This quartet of stories revolves around the theme of reforming a rake. It's a mixed bag, though one stands above the rest.
Headliner Susan Johnson leads off with Playing With Fire. Rupert Marsh, the Duke of Ware, is about to enter into a loveless marriage with lovely Olivia Overton. Olivia's money will allow him to make much-needed repairs to the family estate. The author travels a well-worn path as the rakehell meets the innocent and sexual sparks fly, leading to declarations of love. If you are willing to believe that a hot time in the sack is the path to True Happiness, you may well enjoy this tale. Fans of Susan Johnson's work will be pleased to note that her trademark explicitness is here in force. But it comes at a price, as these are not two well-developed characters. We hardly know them at all outside the bedroom, in fact. This wasn't a very satisfying read for me.
Eileen Wilks' Simple Sins is next, with the tale of Felicity Armstrong and Damon Reed. We meet them as Felicity is disconnecting the phone wires to Damon's cabin, then passing herself off as hapless motorist "Lily Smith" in order to get inside and look for a secret paper. Stuntman Damon is a former love interest, and he quickly remembers Felicity. The jig is up.
Felicity struck me as rather silly and na´ve, and the purple cast to the prose made me roll my eyes on more than one occasion. I did like the character of Damon. He, at least, was honest and blunt, and his gradual realization that his life is empty is interesting to watch.
Dee Holmes' Once Burned is the third story in the quartet. Mariah Thornton is riding to Rhode Island with her ex-lover, mercenary soldier Deke Laslo. A year ago, Deke walked out of her life with no explanation. Now, through a mutual acquaintance, Mariah is determined to prove that he no longer means anything to her by sharing a trip to New England. After a while, despite their best intentions, they are unable to keep their hands off each other.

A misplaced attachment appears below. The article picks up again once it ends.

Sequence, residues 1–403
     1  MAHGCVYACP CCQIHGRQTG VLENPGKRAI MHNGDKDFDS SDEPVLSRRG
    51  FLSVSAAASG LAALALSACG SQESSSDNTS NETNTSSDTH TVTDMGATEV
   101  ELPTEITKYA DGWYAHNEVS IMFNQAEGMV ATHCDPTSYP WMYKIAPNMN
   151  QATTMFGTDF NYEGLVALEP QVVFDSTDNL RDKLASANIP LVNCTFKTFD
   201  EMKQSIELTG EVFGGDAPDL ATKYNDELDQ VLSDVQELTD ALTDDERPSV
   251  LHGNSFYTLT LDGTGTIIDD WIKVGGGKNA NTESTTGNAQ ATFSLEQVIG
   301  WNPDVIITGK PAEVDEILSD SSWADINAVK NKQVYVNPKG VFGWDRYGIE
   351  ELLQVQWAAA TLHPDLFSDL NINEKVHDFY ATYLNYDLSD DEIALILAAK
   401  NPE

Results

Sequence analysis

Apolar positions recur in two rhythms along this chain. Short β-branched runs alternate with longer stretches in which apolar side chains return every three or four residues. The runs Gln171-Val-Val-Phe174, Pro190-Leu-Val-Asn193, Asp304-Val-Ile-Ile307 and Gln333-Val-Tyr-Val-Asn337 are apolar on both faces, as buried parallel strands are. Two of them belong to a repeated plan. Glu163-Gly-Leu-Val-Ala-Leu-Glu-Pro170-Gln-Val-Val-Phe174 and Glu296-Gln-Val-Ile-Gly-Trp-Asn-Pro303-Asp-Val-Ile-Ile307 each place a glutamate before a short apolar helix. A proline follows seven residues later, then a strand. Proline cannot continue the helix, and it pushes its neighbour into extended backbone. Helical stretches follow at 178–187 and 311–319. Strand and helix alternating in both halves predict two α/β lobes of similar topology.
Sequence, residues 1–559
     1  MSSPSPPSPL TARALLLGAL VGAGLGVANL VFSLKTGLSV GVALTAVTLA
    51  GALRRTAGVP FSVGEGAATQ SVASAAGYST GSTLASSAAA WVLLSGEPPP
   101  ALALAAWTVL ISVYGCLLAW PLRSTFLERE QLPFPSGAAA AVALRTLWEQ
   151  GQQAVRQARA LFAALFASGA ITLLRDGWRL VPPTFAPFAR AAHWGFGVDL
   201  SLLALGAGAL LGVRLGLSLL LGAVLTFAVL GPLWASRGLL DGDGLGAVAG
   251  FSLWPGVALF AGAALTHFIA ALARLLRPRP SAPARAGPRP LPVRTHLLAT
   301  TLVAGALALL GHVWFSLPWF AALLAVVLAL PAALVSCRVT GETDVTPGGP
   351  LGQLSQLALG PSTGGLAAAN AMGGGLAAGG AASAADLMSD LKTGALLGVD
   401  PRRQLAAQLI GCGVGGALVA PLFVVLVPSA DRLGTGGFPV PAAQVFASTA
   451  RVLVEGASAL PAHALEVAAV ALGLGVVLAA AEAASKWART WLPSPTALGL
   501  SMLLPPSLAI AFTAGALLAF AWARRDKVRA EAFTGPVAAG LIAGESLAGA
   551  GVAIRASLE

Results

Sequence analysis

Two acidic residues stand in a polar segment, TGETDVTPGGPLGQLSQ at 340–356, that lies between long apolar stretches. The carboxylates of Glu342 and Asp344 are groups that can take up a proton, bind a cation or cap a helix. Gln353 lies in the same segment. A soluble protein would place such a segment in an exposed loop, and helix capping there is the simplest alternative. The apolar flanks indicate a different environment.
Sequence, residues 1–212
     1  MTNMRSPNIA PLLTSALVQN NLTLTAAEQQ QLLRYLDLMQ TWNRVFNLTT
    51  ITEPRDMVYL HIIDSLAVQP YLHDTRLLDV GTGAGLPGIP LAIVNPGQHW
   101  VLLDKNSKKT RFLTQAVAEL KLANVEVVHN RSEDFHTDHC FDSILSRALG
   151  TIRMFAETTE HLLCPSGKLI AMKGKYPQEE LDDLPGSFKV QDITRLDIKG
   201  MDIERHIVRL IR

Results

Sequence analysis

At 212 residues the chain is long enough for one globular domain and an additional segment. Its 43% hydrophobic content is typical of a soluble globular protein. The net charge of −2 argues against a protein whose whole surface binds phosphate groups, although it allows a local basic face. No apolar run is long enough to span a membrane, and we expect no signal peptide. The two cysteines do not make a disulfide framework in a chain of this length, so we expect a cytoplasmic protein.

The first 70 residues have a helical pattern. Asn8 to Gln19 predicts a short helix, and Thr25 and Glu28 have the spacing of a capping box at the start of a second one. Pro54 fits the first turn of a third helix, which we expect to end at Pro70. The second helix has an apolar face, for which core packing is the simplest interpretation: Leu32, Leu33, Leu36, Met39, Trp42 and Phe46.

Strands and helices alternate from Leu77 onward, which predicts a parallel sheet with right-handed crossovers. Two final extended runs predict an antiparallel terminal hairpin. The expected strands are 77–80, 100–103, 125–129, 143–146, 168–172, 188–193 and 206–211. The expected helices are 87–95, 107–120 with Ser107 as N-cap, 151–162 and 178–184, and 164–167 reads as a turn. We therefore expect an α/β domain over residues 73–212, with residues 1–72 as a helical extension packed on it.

The characters were interesting; the motivations were foggy at best. By the end of the story, Deke has done a complete about-face, and I never really understood his conflict to begin with. This was a story that didn't seem to have a believable core to it. Deke, who supposedly fears emotional commitment, instead came across as sullen and self-indulgent.
The final story, Stephanie Laurens' Melting Ice, was easily the best of the bunch, and what probably saves this anthology from a two-heart rating. Dyan St. Laurent Dare, the Duke of Darke (okay, the title is ridiculous) is in a snit. His loathsome Aunt Augusta is pressuring him to marry and has taken up residence in Darke Abbey until he does so. Dyan escapes to neighboring Brooke Hall, the home of his friends Henry and Harriet, where he promptly runs into the only lady that he's ever truly cared about, lovely Fiona Winton-Ryder. Their brief flirtation fifteen years earlier left him humiliated; Fiona, for her part, was sure he was only trifling with her heart. Now they must join forces. For the "dinner party" they've crashed is actually the stage for an orgy, and to protect Fiona, Dyan must pretend to claim her as his prize for the night.
The premise of this story was quirky enough to be entertaining without being silly. Laurens certainly has a strong handle on good dialogue, and she managed to flesh out her characters (no pun intended) and allow me to get to know them, no small feat in a story that's less than 80 pages long. It's easy to see why she's earned her reputation as a rising star in the world of romance fiction. I don't know if I'd buy this book on the strength of her story alone, but I'd consider it.